FUTURE OF AL QAEDA – AT 10:53 A.M. ET: We've taken out two major Al Qaeda figures, to Ron Paul's great regret, in recent months. Osama bin Laden sleeps with the fishes. Anwar al-Awlaki is apparently disassembled somewhere in a Yemeni desert, having been inconvenienced by an American drone.
But where does this leave Al Qaeda. Experienced terrorism expert Peter Brooke, of the Heritage Foundation, has a good analysis:
First, Awlaki’s death deprives AQAP -- and al Qaeda globally -- of one of the most (if not the most) inspirational figures and talented operational commanders in its ranks, as evidenced by his work in just the last few years.
Some analysts recently came to see him as being as important to al Qaeda as Osama bin Laden himself, and actually thought he might come to lead the terror group after bin Laden bit the dust in May.
Next, al Qaeda has been stripped of one of its most powerful propagandists, who was especially skilled in so-called “digital jihad,” with a troubling ability to reach out to and recruit both English and Arabic speakers over the Internet. (Inspire’s editor was killed in the same drone attack that got Awlaki.)
So, for the moment, it’s likely to be harder, but not impossible, for al Qaeda to target future foot soldiers over the Web, and, hopefully, we’ll see Inspire find its way to the dustbin of history.
Moreover, Awlaki’s termination also lets terrorist and terrorist wannabes know that justice will find you if you start, or continue down, this bloody road, taking the lives of innocent people in your quest for power.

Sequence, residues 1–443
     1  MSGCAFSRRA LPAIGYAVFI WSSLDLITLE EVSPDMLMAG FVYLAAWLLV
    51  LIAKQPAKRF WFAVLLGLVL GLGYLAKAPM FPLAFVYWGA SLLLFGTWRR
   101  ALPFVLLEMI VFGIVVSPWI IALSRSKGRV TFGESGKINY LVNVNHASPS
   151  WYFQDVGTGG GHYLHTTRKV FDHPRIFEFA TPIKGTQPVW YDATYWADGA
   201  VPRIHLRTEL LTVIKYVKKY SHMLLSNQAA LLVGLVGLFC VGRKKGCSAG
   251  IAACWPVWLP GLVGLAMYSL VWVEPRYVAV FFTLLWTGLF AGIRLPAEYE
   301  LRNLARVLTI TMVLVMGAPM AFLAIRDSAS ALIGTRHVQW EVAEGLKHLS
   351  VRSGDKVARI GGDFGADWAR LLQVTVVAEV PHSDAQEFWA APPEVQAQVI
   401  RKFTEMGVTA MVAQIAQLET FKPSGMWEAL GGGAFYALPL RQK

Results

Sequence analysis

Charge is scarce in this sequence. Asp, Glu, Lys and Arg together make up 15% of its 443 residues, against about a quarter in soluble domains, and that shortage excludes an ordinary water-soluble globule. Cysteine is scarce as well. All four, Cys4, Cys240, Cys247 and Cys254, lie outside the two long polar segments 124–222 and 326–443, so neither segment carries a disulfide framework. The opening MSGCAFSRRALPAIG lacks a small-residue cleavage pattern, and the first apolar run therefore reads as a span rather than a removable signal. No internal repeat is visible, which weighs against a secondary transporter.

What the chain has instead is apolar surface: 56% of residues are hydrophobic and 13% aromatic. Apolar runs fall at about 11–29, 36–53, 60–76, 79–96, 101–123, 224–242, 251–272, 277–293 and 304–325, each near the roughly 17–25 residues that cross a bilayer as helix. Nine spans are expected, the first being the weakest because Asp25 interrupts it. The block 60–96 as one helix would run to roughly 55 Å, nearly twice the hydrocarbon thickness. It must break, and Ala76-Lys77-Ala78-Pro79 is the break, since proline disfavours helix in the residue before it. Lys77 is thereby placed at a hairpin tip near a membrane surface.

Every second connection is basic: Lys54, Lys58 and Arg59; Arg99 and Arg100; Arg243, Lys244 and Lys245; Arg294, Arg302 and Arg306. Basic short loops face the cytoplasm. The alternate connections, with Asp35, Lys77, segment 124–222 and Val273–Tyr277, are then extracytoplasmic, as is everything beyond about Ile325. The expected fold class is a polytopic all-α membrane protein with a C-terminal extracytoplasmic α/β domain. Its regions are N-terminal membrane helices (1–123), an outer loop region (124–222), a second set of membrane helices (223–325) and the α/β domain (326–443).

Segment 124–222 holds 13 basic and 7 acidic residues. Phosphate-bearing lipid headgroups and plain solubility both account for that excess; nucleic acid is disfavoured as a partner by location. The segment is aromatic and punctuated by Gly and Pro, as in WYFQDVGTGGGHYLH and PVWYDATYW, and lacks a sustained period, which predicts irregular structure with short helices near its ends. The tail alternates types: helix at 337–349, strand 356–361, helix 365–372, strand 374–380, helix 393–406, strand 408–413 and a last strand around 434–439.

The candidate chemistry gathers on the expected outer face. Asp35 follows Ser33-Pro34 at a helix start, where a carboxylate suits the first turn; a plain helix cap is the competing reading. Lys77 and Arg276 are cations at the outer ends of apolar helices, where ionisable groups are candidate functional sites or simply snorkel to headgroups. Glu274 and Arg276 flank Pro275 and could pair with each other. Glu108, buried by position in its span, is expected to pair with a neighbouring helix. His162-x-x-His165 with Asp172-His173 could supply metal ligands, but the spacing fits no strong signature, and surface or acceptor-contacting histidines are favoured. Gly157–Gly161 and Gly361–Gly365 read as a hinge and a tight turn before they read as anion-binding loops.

Finally, it’s possible that with Awlaki gone AQAP will stop targeting the West, specifically the United States. It may turn to toppling the Yemeni and Saudi governments, which has always been its top prize.
But all of this is in some ways uncertain. After all, al Qaeda didn’t throw up its hands and surrender after we offed Osama in May. It appointed a new leader in the likes of Ayman al Zawahiri, the Egyptian who had long served as bin Laden’s deputy.
Similarly, it’s likely Awlaki will be replaced in the AQAP lineup by someone who’ll be anxious to prove he’s as skilled and as capable as his predecessor was in carrying out al Qaeda’s odious objectives.
There will also likely be a desire to seek revenge for the killing of Awlaki, perhaps meaning more violence directed at us. The group will certainly want to show prospective recruits and funders that it’s still worthy of the al Qaeda brand name. It still has the resources: AQAP has seized control of territory in Yemen from which it can still plan, train and operate.
And we shouldn’t forget there’s still plenty of al Qaeda out there, including al Qaeda in Iraq, al Shabab (Somalia), al Qaeda in the Maghreb (North Africa) and al Qaeda Central (Pakistan) -- not to mention its allies like the Taliban and Haqqani network in Afghanistan.
Bottom line: We’re better off now that Awlaki is gone, but the threat from al Qaeda and its affiliates isn’t. A sigh of relief -- like that after the taking of bin Laden -- is a reasonable response, but embracing complacency isn’t.
COMMENT: Well said. In World War II the United States killed Japan's most gifted naval leader, Isoroku Yamamoto, who'd planned the attack on Pearl Harbor, but Japan fought on bitterly for another two years. One of Nazi Germany's most accomplished generals, Irwin Rommel, was forced to commit suicide in late 1944, but Germany fought on, inflicting enormous casualties for many months.
There is an old French saying, wrongly attributed to DeGaulle, that the graveyards of the world are filled with indispensable men. We should always remember that. We'll meet Al Qaeda again.
October 1, 2011